Allen Iverson has run into issues with money before, but after paying off $600,000, he appears to be a little more free in terms of how much he owes in debts.
The 6 ft. 76ers guard goes down as one of the greatest players in NBA history to have never won a championship ring. He tried several times, and he was part of some teams that got really close, but he never captured that elusive dream.
Iverson’s vintage move was his crossover. He’d regularly destroy opponents with his crisp handles, and the only player who’s come close to reaching his level of ball handling is Kyrie Irving. Iverson even got the great Michael Jordan with his move.
March 12, 1997: Rookie Allen Iverson with the crossover and jumper on Michael Jordan pic.twitter.com/6ZjXITiD3i
— This Day In Sports Clips (@TDISportsClips) March 12, 2021
Iverson’s other vintage moment came in the 2001 NBA Finals when he drilled a shot over Tyronn Lue and then stepped over him. The shot came in a massive upset win against the Kobe-Shaq Lakers, and even though the 76ers ultimately lost the series 4-1, the moment lives on in history.
Allen Iverson pays off $600,000 in debt
Back in 2019, Iverson made headlines for getting into trouble with the US government for tax related issues. The IRS filed a tax lien against Iverson.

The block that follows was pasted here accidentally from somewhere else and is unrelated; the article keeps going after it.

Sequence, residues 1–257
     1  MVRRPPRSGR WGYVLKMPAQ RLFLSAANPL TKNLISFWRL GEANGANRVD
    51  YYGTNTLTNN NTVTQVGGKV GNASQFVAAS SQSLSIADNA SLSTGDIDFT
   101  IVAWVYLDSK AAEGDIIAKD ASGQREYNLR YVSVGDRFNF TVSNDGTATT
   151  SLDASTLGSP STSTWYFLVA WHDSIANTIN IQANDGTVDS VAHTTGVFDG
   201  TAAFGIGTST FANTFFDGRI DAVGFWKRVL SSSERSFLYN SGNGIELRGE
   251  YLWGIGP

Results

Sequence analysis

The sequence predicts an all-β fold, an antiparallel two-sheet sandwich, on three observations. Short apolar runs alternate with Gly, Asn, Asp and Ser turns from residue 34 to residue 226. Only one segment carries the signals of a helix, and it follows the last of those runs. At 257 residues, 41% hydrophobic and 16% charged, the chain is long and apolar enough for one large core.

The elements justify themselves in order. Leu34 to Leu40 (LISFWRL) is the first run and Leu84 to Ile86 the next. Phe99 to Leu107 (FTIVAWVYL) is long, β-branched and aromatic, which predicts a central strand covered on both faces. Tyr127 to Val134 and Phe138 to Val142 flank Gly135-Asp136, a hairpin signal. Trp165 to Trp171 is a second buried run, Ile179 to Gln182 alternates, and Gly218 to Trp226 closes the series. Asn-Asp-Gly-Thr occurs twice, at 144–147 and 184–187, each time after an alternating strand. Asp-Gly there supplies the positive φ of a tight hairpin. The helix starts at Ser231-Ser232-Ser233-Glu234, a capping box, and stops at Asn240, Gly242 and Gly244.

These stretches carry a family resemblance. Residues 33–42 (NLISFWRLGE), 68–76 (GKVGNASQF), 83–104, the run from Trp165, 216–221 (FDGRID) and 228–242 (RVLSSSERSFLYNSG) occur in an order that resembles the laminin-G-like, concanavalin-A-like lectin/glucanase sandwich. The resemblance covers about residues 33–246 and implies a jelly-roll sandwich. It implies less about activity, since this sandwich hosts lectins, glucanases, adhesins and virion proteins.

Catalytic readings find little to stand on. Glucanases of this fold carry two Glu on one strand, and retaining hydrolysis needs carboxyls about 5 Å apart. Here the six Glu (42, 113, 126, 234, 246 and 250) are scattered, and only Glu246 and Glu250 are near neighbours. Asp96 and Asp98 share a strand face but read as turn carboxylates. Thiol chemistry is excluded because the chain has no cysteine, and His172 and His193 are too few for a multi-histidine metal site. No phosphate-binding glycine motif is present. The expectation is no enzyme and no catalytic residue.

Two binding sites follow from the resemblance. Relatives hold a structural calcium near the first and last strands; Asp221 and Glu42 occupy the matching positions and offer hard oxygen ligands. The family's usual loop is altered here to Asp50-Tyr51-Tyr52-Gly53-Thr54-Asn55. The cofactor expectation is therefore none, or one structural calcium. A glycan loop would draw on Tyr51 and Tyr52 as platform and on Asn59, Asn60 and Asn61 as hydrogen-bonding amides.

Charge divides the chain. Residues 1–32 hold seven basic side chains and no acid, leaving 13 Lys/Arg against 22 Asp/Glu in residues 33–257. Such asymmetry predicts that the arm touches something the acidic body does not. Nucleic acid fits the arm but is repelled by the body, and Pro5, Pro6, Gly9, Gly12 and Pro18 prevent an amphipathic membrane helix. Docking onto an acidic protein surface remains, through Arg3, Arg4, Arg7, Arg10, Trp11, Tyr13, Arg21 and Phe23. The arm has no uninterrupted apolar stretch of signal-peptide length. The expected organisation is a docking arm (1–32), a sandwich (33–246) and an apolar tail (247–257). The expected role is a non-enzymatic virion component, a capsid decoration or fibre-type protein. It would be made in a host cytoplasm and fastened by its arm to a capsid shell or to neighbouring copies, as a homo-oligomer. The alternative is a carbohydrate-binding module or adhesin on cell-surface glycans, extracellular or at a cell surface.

From the IRS’ report, the former NBA star owed $616,068.60 in back taxes. Iverson had to pay off $44,418.88 for 2010 and another whopping $571,649.72 for 2011.
However, Iverson paid back the amount in 2019, and therefore he was free from the tax lien. This only set him back partly though. Iverson still has a lot to pay back for later years.
In September, 2019, Iverson was hit with another tax lien which said he owed $25,643.12 for 2012 and $174,465.25 bringing his total unpaid amount to $200,108.37. He was also hit with $44,000 extra in interest and $27,000 in late penalties.
The ball was in his court when Georgia dropped a state tax lien on Allen Iverson. This only goes to show that you cannot block the IRS. #yahoofinance #ryannauman #alleniverson #jeffreyschneidereahttps:/
— The Tax Relief Company (@SFSTaxAcct) December 20, 2019